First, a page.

Fighting the emerging IPR battle worldwide

There are strong geo‐political economic reasons for us to start learning ancestral Indian knowledge. This arises from the emerging IPR regime that promises to reward those who claim to have access to rich and useful knowledge earlier than the rest. The economic and legal framework for this is administered through a system of awarding patents, copyrights and exclusives rights of use. In very simple terms this works as follows. “A” claims that he indeed had the knowledge (by way of his ancestral repository) that is being used gainfully in the society for a number of potential applications. He will file a patent application to the International patent regulatory authorities on this basis. If no one else is able to prove that they had access to this knowledge earlier than “A”, then “A” is given patent and he is allowed to enjoy the benefits while restricting the use for others. On the other hand, if “B” claims that they indeed knew this earlier than “A” and is able to establish this decisively, the privileges are indeed given only to “B”.

Where will this country head if we are busy erasing our past memory and knowledge on some flimsy grounds of “thrusting Hindu religious ideas etc.”? We will either fight a losing battle (since we do not know what knowledge we had), or we will helplessly subdue ourselves to the rules of the game and curse ourselves for not being informed of what our ancestors did and said. In the case of Basmati rice, turmeric and a host of scientific and industrial applications (especially in the pharmaceutical sector) we are waging these losing battles. The cruel business world is silently smiling at the “height of ignorance” that we are subjecting ourselves to. The only way to quickly redeem us from this needless logjam is to get adequately educated into ancestral Indian knowledge.

The Way Forward…

There could be any number of reasons as to why we need to get educated with ancestral/traditional Indian knowledge. We shall focus on how this needs to be done rather than why. Two things need to be done almost immediately to rectify this lacunae that haunts our society, particularly the youngsters. We need to equip ourselves with this knowledge repository. The knowledge repository is vast and it needs careful thought on the different formats and methods of imparting them. Some foundational courses that can introduce the caturdaśa vidyā-sthānam will be a very valuable beginning.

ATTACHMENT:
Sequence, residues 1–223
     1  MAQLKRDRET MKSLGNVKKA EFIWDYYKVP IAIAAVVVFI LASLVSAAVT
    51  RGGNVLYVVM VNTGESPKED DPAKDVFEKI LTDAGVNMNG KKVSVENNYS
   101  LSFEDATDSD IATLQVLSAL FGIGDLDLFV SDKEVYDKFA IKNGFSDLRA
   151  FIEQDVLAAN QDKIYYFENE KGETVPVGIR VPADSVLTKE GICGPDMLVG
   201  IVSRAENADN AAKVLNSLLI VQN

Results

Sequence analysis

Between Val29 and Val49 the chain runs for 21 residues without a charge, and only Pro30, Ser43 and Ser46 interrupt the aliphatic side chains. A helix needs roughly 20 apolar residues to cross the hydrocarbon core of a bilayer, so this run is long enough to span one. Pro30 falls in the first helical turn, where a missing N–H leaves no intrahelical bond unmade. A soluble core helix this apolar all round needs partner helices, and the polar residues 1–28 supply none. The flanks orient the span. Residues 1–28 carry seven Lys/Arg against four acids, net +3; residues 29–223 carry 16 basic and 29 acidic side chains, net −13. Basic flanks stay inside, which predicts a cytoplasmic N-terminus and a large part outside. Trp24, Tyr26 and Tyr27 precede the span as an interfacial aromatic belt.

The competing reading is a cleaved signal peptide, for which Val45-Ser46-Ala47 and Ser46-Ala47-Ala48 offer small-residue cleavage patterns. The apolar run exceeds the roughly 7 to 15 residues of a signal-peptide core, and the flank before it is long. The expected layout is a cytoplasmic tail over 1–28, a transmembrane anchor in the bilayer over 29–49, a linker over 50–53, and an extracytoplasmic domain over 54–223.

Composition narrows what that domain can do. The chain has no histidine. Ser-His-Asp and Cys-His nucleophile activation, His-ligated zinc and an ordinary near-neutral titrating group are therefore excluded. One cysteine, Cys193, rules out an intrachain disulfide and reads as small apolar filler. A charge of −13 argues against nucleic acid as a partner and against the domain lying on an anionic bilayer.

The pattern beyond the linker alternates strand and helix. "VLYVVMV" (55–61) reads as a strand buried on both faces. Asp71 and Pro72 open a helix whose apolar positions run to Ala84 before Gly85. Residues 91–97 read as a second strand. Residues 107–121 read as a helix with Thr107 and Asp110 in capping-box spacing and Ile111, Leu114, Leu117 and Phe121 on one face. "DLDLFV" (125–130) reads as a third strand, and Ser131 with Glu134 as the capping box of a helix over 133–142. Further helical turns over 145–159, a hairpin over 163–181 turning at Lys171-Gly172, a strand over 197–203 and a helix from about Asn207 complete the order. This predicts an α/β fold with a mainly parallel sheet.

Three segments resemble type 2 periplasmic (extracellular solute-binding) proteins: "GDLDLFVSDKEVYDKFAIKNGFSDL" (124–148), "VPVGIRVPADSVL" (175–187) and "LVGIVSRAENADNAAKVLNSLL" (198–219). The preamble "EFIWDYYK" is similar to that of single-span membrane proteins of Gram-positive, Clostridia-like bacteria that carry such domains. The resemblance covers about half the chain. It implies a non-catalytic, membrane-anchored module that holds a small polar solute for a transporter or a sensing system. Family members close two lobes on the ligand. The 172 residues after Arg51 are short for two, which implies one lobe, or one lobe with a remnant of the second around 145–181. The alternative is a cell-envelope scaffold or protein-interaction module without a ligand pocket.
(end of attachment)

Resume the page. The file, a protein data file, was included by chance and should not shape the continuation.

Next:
The other aspect is giving them the key called Sanskrit, to open this vast treasure house. This is because the entire repository in its original is available only in Sanskrit. Therefore, knowledge of Sanskrit will prove to be very valuable going forward. Perhaps, several foreigners and Universities in the West have opened up to this reality and have seriously begun teaching Sanskrit, whereas we are left behind in the race. However, all that we need is a beginning. We have the native advantage to catch up and overtake others so that the delay in starting this process can be more than compensated.

Chemical and Metallurgical Engineers and Doctors must have some understanding of the ancestral knowledge, so that they can relate them to some modern day issues, and will be able to get near the source and examine it for whatever requirement. Similarly a student of Political History, Management, Psychology or Commerce must also benefit from this awareness. All that we need will be a decade of serious reforms and well thought out implementation strategies for this. When we achieve this, we will be at a striking distance from being the Viśwa Guru, which our ancient nation was for several centuries.

B. Mahadevan, a Professor at Indian Institute of Management Bangalore, is currently the Vice Chancellor of Chinmaya Vishwavidyapeeth. The ideas expressed in the article are the author’s personal views. He can be reached at:

New Curriculum Design – Article by Prof. B. Mahadevan

New Curriculum Design to Enable Individuals Discover their Unique Strengths

Think of the educational opportunities available today after school. Students can opt for professional courses such as Engineering or Medicine, or for the three broad streams available: Science, Commerce or Liberal Arts. There are a host of programs available under each category and new degree programs are being created anew every year to suit emerging trends. For instance, from a simple B Com degree, several specialised versions such as B Com (Accounting & Finance), B Com (Financial Markets), B Com (Banking & Insurance) and others are on offer now.

It is particularly important to understand this development. People have begun to take a “job seeking” approach to education and many employers too seem to actively support this approach. Several engineering colleges, for instance, offer simple run of the mill software courses as part of a mainstream engineering degree so that the students can be lifted in dozens by recruiters to do some routine programming and debugging jobs for software companies. This approach to education prepares some “low cost coolies”, which could well suit recruiting companies in the short run. However, it neither allows individuals to be the best they can be, nor does it allow companies to be competitive in the long run, as their work force is not productive or innovative and is deficient in problem solving and many higher order thinking skills. The question is: how can educational institutions address this problem?

Relook Curriculum Design